The fourth critical step in consolidating your policy as outlined in Policy Consolidation: Seven Critical Success Factors is a well-defined consolidation process.  Consolidating policy is not a “one and done” thing.  It is a repetitive exercise that must be accomplished for each discrete section of policy.  Defining the process is critical to ensuring that all sections are constructed similarly and that the approval stage gates are standardized across sections. The process will help to organize and guide the consolidation effort.

Once articulated, the process will reinforce the leadership commitment to the consolidation effort. A defined process is a powerful tool for communicating with team members to keep both motivation and progress moving forward.

It is useful to understand and document the existing process for developing and releasing policy.  The “as-is” state will highlight all of the functional areas that participate in the process as well as road blocks, time consuming activities and any gaps. Examining the existing process will also help to identify the necessary internal resources for the consolidation effort.

Since the consolidation and ongoing development of policy will occur in parallel and will involve many of the same resources, defining the consolidation process presents an opportunity to improve the existing policy development process. Considerations when developing the policy consolidation process:

  1. How long is the existing policy and how many artifacts are involved? The scope of the consolidation will influence the process of consolidation.  Artifacts may need to be inventoried as a first step in the process.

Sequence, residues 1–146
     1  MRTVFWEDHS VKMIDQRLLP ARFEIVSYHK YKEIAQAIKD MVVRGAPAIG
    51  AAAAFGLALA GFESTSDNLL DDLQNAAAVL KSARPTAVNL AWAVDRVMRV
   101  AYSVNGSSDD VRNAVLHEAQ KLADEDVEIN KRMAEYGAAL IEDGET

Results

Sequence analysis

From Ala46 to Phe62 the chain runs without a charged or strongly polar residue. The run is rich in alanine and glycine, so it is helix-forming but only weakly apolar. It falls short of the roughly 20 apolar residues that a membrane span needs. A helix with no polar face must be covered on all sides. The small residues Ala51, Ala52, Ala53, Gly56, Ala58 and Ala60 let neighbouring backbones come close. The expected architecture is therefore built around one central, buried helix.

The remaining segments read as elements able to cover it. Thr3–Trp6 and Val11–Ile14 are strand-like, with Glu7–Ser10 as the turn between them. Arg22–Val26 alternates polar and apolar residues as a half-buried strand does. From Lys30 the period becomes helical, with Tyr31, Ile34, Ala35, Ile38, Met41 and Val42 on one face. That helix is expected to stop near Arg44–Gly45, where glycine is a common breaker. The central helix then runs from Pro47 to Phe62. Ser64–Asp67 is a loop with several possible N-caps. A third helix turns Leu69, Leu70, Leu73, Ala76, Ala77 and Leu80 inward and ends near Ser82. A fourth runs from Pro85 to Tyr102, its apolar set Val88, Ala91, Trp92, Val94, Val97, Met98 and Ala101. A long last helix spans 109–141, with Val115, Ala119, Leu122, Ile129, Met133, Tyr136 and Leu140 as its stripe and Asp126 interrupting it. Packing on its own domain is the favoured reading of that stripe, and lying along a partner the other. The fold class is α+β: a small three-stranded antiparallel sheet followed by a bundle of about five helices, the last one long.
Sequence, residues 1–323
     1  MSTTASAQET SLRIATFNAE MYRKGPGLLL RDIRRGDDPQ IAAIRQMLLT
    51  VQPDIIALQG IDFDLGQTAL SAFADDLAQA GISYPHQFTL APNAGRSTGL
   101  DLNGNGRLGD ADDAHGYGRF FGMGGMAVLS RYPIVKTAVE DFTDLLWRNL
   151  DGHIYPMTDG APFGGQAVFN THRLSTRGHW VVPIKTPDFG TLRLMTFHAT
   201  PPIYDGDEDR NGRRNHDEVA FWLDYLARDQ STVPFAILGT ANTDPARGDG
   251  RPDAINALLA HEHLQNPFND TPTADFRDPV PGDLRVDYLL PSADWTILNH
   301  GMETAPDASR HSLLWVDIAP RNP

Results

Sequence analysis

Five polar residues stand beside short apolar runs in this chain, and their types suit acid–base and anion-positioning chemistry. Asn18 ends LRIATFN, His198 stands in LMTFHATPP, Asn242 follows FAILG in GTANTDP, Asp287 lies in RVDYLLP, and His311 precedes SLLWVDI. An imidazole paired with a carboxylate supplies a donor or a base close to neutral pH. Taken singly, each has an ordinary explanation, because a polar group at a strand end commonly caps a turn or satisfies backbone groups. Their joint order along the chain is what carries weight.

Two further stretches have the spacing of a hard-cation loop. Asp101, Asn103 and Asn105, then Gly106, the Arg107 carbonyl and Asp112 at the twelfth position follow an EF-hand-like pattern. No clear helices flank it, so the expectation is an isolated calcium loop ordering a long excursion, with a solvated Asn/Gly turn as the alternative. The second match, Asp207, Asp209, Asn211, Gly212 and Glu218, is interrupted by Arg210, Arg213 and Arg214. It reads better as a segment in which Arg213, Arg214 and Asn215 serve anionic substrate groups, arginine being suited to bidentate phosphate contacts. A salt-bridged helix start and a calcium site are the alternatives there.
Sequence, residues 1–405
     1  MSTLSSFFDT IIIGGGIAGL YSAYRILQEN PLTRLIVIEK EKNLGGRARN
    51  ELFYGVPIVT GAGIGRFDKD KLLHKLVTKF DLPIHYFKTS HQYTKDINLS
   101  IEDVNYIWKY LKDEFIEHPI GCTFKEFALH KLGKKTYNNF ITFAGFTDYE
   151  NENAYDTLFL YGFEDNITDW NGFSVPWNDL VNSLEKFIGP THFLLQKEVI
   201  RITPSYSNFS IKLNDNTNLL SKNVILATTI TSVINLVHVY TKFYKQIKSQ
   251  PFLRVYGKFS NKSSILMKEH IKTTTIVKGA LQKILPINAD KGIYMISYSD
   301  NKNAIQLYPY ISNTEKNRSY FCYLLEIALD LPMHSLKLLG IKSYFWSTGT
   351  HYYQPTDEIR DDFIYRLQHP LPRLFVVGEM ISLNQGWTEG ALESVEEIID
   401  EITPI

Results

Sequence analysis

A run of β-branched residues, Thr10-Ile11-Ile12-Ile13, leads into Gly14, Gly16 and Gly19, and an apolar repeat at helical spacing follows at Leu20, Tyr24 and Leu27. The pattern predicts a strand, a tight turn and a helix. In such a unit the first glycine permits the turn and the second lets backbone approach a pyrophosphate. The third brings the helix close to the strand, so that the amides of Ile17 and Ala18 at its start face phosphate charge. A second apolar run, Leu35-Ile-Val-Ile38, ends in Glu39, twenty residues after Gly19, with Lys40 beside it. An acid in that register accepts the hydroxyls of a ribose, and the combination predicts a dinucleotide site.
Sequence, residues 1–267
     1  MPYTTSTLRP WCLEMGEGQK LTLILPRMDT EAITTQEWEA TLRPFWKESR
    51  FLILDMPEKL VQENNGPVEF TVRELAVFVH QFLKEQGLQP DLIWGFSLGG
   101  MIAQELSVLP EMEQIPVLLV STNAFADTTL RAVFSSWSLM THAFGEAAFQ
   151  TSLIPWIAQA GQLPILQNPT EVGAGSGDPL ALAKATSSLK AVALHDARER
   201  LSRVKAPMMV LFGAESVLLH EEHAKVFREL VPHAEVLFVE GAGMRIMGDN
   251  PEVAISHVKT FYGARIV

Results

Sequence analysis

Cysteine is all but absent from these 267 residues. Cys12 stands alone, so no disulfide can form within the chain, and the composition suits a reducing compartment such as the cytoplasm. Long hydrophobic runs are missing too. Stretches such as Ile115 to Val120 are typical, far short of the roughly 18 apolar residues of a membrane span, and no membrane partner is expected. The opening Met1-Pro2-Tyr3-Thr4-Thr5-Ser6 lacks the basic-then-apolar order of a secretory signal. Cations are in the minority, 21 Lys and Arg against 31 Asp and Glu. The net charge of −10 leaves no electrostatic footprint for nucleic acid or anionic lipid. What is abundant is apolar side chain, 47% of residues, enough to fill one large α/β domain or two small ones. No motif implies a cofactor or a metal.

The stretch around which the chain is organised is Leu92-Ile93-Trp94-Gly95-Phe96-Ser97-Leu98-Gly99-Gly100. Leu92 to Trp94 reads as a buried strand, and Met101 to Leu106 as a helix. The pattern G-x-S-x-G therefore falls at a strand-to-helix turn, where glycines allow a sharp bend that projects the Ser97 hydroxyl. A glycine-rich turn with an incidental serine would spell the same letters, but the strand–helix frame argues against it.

2. What are the roles needed to complete the job? Clear definitions will help to define the process as well as set participation expectations.
  3. What are the functions and skills needed to complete the job? Process steps should be added to address each functional area. Skills that may be overlooked include editing, proof reading and formatting. 
  4. What quality control measures will be employed to ensure that style and language choices are uniformly adhered to? 
  5. Where are the process participants located?  Are they in a central location? The process should address not only how frequently, but in what manner the meetings will occur.  
  6. What mechanisms will be used to reach consensus? How will conflict be resolved? Who in the organization is the final arbiter of the existing policy? The process should address these issues as well by setting aside time to adjudicate issues.

Once a process for consolidation is established, the team can organize to successfully consolidate the policy.

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